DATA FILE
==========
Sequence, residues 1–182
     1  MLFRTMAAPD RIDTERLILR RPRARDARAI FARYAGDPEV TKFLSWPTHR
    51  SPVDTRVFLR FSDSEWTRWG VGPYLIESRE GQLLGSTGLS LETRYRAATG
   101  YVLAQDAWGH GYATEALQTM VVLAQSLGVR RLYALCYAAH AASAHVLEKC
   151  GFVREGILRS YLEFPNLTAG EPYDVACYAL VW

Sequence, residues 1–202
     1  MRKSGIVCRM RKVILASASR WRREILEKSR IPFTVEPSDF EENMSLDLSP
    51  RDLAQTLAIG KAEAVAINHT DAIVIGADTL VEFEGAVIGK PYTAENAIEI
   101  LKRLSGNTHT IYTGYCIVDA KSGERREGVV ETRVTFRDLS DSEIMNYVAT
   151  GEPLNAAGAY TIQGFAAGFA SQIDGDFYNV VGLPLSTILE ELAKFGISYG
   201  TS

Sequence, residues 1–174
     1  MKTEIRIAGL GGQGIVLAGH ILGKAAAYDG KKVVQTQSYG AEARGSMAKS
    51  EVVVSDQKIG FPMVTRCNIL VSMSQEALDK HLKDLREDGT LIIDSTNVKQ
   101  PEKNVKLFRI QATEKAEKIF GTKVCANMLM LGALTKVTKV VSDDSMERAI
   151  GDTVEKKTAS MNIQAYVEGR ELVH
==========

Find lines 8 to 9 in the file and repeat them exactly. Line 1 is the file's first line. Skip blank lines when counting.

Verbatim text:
    51  RDLAQTLAIG KAEAVAINHT DAIVIGADTL VEFEGAVIGK PYTAENAIEI
   101  LKRLSGNTHT IYTGYCIVDA KSGERREGVV ETRVTFRDLS DSEIMNYVAT